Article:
If you want Flea Market, go to Round Top in Texas. There, we measure shopping by MILES of tables, not by blocks. The tables and booths can be lined up 25 deep in a row off the road. Think I'm kidding? Go here. We've walked the fields from Clutter's Field to Zapp Hall on the east side of the road only and it's taken us a whole day to get that far. Yes, some people like Pasadena's Flea Market but again, we measure our shopping by MILES, not by a parking lot. And we cover 6 different towns.

Okay, we only have it twice a year, not every weekend. But it lasts for two weeks each time. If you are savvy you know to come a week before it officially starts because that's when the vendors buy from each other and set up. So we get 4 weeks a year, 28 days, as opposed to New York City's 52 weekends or 104 days. New York gets 4 times as many shopping days but only 3 blocks of booths as opposed to MILES of booths in fields....

Sorry, New York, we love your city but in a Flea Market Smack-down you just don't cut it. And you didn't even want people to take pictures of you! The pictures you see here are from Antiques Weekend, Round Top, Texas, NOT New York City.

Saturday, November 13, 2010

American Folk Art Museum

The American Folk Art Museum had a free Friday night music event so we walked over for that. Not the music, just the free admission. The music was not so good, the museum is a tall narrow building and the first singer's voice was pretty screechy due to the poor acoustics. The second group was a little better but it took them a lot of time to get their equipment adjusted for the acoustics.

I followed Ms. Red Shoes to the mezzanine balcony. I just love museums!

Oh yeah, there were some quilts there on display that maybe I glanced at.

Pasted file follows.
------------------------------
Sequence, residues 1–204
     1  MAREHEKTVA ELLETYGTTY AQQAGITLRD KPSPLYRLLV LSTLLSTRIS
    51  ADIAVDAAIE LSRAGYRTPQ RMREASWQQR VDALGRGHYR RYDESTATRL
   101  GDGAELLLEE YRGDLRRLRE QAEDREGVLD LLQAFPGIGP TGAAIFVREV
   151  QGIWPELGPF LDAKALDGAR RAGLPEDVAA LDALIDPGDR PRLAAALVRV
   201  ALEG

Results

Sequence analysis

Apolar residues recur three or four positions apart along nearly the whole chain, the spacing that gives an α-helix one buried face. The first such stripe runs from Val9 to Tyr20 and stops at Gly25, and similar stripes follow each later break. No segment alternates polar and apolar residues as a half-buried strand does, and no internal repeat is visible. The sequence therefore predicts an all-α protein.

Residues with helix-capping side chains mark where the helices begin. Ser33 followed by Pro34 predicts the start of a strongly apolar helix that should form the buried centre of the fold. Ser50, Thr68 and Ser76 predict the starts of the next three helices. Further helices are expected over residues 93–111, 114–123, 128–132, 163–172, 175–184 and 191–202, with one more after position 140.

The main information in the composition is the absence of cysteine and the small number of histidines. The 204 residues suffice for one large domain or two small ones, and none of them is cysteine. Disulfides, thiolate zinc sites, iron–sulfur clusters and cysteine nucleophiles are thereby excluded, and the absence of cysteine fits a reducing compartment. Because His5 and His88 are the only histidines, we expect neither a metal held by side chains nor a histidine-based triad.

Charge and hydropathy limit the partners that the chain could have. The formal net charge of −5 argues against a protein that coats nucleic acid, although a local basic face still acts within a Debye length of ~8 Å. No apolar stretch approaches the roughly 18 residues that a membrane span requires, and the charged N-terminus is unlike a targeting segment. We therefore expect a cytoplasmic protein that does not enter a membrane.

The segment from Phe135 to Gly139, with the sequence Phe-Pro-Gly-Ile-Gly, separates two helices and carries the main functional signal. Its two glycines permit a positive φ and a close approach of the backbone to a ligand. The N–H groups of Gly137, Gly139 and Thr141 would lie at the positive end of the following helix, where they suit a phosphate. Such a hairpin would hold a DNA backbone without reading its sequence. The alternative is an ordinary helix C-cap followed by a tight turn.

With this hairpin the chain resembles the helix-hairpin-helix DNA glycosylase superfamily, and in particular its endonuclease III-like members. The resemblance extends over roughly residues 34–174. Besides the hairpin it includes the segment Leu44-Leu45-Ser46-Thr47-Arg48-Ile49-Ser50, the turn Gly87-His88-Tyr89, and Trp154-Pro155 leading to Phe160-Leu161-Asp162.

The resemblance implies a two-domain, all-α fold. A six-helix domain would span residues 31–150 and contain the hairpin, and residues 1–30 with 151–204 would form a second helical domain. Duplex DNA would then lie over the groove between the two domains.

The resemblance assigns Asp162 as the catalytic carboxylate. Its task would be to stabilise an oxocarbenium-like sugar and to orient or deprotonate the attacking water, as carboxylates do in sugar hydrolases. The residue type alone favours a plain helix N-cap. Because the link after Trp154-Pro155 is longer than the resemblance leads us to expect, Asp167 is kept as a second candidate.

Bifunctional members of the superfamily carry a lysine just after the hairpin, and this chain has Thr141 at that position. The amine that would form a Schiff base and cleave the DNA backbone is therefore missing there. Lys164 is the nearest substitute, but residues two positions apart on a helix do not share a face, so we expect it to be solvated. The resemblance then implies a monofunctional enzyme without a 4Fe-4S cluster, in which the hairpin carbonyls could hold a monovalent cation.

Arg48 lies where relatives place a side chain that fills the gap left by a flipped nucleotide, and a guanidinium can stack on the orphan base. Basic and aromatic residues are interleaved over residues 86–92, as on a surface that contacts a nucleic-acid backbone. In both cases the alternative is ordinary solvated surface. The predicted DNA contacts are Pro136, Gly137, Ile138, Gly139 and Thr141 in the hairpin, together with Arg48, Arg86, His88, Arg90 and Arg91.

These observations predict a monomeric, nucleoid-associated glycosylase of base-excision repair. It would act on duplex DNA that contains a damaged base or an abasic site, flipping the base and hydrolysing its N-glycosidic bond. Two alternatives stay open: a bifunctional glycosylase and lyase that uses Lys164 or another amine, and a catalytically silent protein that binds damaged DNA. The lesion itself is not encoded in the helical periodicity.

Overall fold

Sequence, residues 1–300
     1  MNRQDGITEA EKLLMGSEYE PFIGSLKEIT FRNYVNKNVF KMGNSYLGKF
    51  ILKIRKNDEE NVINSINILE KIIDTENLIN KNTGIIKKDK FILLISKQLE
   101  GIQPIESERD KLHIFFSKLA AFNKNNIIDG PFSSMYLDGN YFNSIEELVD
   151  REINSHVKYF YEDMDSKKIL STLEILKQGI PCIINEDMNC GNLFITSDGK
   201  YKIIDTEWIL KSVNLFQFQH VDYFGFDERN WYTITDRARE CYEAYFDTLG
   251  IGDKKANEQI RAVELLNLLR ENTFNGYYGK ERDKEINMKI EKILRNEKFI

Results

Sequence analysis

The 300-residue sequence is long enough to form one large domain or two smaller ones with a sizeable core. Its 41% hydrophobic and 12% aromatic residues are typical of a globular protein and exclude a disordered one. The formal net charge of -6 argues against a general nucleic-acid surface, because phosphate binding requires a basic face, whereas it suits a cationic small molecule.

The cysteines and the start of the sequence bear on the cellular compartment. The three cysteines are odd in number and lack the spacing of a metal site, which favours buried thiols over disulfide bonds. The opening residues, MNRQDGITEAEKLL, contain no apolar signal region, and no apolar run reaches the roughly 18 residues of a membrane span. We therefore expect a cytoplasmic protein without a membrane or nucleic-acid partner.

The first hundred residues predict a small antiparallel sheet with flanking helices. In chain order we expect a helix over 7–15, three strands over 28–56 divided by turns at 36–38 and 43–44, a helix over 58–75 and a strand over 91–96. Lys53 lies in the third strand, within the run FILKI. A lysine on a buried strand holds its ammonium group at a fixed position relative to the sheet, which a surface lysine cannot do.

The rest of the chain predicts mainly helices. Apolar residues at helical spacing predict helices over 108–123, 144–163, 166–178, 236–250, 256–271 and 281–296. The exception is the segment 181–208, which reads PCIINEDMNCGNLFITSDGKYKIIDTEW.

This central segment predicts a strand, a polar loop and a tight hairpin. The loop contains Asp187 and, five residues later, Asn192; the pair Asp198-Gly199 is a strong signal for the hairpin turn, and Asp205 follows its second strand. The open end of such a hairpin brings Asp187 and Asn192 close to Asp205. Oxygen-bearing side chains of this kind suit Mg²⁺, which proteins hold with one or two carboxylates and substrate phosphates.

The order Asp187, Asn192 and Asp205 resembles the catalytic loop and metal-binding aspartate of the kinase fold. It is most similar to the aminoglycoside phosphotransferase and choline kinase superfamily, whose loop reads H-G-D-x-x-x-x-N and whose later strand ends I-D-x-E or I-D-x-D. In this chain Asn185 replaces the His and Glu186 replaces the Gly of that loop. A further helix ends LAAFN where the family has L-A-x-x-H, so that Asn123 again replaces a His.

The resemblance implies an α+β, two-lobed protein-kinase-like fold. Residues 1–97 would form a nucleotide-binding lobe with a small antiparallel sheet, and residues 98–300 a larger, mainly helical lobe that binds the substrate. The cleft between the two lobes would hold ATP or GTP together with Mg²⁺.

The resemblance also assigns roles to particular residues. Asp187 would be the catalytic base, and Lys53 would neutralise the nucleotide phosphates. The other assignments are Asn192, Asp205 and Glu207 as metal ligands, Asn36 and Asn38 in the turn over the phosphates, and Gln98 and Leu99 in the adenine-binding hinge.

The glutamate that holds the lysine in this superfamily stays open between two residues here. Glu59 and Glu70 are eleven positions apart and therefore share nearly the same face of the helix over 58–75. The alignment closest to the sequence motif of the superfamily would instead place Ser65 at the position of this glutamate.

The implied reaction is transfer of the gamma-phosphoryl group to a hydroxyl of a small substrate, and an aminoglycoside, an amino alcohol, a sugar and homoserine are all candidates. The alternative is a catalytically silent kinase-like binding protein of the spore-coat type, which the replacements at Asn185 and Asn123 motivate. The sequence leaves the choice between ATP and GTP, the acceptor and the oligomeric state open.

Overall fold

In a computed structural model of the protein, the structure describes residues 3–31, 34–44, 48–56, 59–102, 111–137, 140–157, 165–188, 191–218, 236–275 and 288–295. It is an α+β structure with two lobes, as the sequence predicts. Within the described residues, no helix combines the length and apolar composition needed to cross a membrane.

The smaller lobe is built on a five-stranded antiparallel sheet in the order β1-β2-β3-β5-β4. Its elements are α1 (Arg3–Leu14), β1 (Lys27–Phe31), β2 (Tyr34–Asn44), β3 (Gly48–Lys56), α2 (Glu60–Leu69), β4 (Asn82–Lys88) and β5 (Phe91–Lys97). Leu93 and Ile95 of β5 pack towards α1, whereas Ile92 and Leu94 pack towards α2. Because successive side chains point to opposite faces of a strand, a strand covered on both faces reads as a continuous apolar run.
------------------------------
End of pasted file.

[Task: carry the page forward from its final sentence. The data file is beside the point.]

On our way back we encountered this scene. We waited for awhile but no one seemed to be doing anything but standing around. I don't know if she was stood up at the altar or was going to be in a movie or what.

 I was planning to go back to the museum to ask Ms. Red Shoes what it was all about.  But Susan said that I could plan on spending the night sleeping in the subway if I did. I never get to have any fun!

Thursday, November 11, 2010

Remembering: Veterans' Day, November 11, 2010

What do we owe soldiers on the battlefields of the present
or - do not doubt it - the future?
How does one honor the inexpressibly difficult decision
 to walk toward annihilation,
in some instances guaranteed,
for the sake of the imperfect strategies of war,
their confused execution,
and their uncertain result?
What can we offer the soldiers who will not know
 the outcome of their struggle,
or ever again see those left behind?

Mark Helprin

Afghanistan, 2010

Remember the family of James Clifford McKittrick.
They are still waiting for him to come home.
I'm still waiting to send them my POW-MIA bracelet.

 I escorted his flag-draped coffin home to his family.
Captain Barry Lynn Brown, Killed in Action, Vietnam, May 5, 1968

Remember Joseph Ambrose,
 a World War I veteran, holding the flag that covered the casket of his son,
who had been killed in the Korean War.

Tuesday, November 9, 2010

Make No Stray Marks

Keith LoBue is one of my favorite artists (a sample of his work below) and he's also a fantastic teacher.

As you can see, he doesn't have to worry about having a Bad Hair Day. What doesn't show here is the tattoo he has on the back of his head: 
UK Patent Pending

As soon as the rest of my hair disappears (sooner than I'd like) I plan to have this tattooed on the back of my head:

(seen on a crate at the Museum of Arts and Design)

Sunday, November 7, 2010

Museum of Arts and Design

Our first day in New York City always starts with a visit to the Museum of Arts and Design. How simple can a teapot be? This simple.   The pattern on this plate had me rethinking my use of color in my glazes.

The museum is right on Columbus Circle and as you move from floor to floor you can catch a glimpse of the city through their protective screens.